Reducing food waste in European households
Proper food storage in households is important to reduce food waste in Europe. A survey in Germany found that although consumers have a high awareness of food safety, they lack knowledge in handling advanced technological features of household refrigerators.
A recent study by German researchers analysed food waste in households as a complex interaction of consumer behaviour, food characteristics and technological development.
- Food waste related to chilled storage in European households.
The authors reviewed literature on food waste in European households. In 2017, the average household food waste per capita in Europe was 79 kg. Figures vary across European countries depending on the size of the household. For instance, in the UK, large households were found to waste less food than households comprised of 1 or 2 persons, while smaller amounts of food were wasted in smaller households in Germany, Finland or Norway.
Several European studies have reported that fresh fruits and vegetables account for the largest share of food waste (30–50%), followed by prepared foods (15–30%). Although fresh meat and fish account for only 4% of food waste, this figure should not be neglected given their contribution to foodborne diseases. Overall, studies have found that proper food storage conditions and processing in households are crucial for food quality retention and sustainable food management.
- The behavious of European households with regard to conservation in refrigerator.
The International Electrotechnical Commission standard IEC 62552-2:2015 specifies the essential characteristics of household refrigerating appliances. Basic temperature definitions in chilled and frozen storage areas and more specific performance definitions of chilling compartments provide for a storage area with temperatures from −2°C to +3 °C.
The maximum recommended storage temperature is 4°C, namely for food safety reasons. Yet, European consumers' knowledge of the correct storage temperature for refrigerators varies, with 71.6% in Ireland, 44.4% in Greece and 13% in the UK. Studies on consumer behaviour have found that maximum storage temperatures range from 10.0°C and 21.3°C, with averages of 7.0°C for consumers in southern European countries and 6.1 °C in northern European countries.
- Storage performance in European household refrigerators.
Nowadays, storage performance in refrigerators is enhanced by various additional features that either improve storage climate parameters, such as temperature, humidity or gas atmosphere, or storage hygiene, such as odour control, antimicrobial air cleaning or surfaces. It should be noted that freshness and hygiene features are not further specified and regulated by the International Electrotechnical Commission standard. Studies in the UK since 2016 have shown that only 25% of respondents were interested in technologies improving food freshness retention. Furthermore, many of these technologies, such as humidity control, were not well known to consumers.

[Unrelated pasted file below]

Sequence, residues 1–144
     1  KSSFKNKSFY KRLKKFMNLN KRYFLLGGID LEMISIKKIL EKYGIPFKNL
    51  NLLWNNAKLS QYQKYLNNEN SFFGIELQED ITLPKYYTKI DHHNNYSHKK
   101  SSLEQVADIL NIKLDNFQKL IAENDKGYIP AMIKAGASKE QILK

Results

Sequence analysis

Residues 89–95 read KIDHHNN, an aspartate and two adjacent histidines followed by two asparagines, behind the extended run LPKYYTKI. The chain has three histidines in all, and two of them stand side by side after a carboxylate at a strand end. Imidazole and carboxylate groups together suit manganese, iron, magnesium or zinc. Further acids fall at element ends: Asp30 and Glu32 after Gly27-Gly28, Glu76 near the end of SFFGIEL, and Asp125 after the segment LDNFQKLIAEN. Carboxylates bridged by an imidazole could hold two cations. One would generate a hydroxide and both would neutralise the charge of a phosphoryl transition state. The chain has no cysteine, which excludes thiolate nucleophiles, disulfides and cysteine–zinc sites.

- German consumers’ behaviour with regard to food storage
Studies have shown that less than 50% of German consumers adjust their refrigerators at recommended temperature settings. German researchers conducted an online survey to identify German consumers’ storage behaviour for highly perishable and chilled stored food categories (e.g. fruits, vegetables, meat and fish), focusing on storage place, storage time, food waste and the main reasons for waste.
The researchers found that consumers are conscious of food safety as they store highly perishable food only for short periods of time. 51% of respondents never waste meat, 62% never waste fish, 22% never waste fruit and 25% never waste vegetables. However, the results also revealed a lack of knowledge about various parameters influencing food safety and quality. For instance, aside from temperature, humidity control is crucial for the preservation of fruit and vegetables. Maintain a high relative humidity of about 85–95% after harvest reduces desiccation and thus texture loss. However, only 26% of respondents were interested in humidity-controlled compartments.
Since improving the storage performance of domestic refrigerators requires consumers to know the correct way to handle them, the researchers suggest that active guidance would ensure that the features are used properly. They further suggest that manufacturers could implement measures such as pre-set features or colour guides. One key element in the future may be smart appliances, providing consumers with information on the refrigerator content and related information such as shelf life data.
Wucher, H.; Klingshirn, A.; Brugger, L.; Stamminger, R.; Geppert, J.; Kölzer, B.; Engstler, A.; Härlen, J. Tackling Food Waste: Impact of German Consumer Behaviour on Food in Chilled Storage. Foods 2020, 9, 1462. https://doi.org/10.3390/foods9101462